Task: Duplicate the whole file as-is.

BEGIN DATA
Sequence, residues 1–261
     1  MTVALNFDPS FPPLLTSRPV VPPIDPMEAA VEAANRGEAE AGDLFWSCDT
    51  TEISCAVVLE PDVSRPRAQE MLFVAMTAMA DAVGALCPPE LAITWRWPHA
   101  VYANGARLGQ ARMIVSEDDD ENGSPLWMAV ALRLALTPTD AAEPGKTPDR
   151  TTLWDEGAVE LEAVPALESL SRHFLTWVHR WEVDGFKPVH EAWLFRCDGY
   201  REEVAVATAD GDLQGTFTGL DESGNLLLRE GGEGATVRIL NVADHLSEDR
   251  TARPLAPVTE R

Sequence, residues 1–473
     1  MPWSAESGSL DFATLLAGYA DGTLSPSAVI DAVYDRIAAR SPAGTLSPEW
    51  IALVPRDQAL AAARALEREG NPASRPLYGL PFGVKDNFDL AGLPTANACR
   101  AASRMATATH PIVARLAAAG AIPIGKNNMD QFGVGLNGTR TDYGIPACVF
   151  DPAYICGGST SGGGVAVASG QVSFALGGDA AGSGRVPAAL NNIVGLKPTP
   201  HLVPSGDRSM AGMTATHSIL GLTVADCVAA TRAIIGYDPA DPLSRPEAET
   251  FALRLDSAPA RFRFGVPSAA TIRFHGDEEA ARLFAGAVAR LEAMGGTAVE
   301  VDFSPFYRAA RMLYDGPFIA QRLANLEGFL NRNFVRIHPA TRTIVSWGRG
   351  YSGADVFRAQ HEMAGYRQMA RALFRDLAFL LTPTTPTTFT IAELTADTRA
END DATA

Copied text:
Sequence, residues 1–261
     1  MTVALNFDPS FPPLLTSRPV VPPIDPMEAA VEAANRGEAE AGDLFWSCDT
    51  TEISCAVVLE PDVSRPRAQE MLFVAMTAMA DAVGALCPPE LAITWRWPHA
   101  VYANGARLGQ ARMIVSEDDD ENGSPLWMAV ALRLALTPTD AAEPGKTPDR
   151  TTLWDEGAVE LEAVPALESL SRHFLTWVHR WEVDGFKPVH EAWLFRCDGY
   201  REEVAVATAD GDLQGTFTGL DESGNLLLRE GGEGATVRIL NVADHLSEDR
   251  TARPLAPVTE R

Sequence, residues 1–473
     1  MPWSAESGSL DFATLLAGYA DGTLSPSAVI DAVYDRIAAR SPAGTLSPEW
    51  IALVPRDQAL AAARALEREG NPASRPLYGL PFGVKDNFDL AGLPTANACR
   101  AASRMATATH PIVARLAAAG AIPIGKNNMD QFGVGLNGTR TDYGIPACVF
   151  DPAYICGGST SGGGVAVASG QVSFALGGDA AGSGRVPAAL NNIVGLKPTP
   201  HLVPSGDRSM AGMTATHSIL GLTVADCVAA TRAIIGYDPA DPLSRPEAET
   251  FALRLDSAPA RFRFGVPSAA TIRFHGDEEA ARLFAGAVAR LEAMGGTAVE
   301  VDFSPFYRAA RMLYDGPFIA QRLANLEGFL NRNFVRIHPA TRTIVSWGRG
   351  YSGADVFRAQ HEMAGYRQMA RALFRDLAFL LTPTTPTTFT IAELTADTRA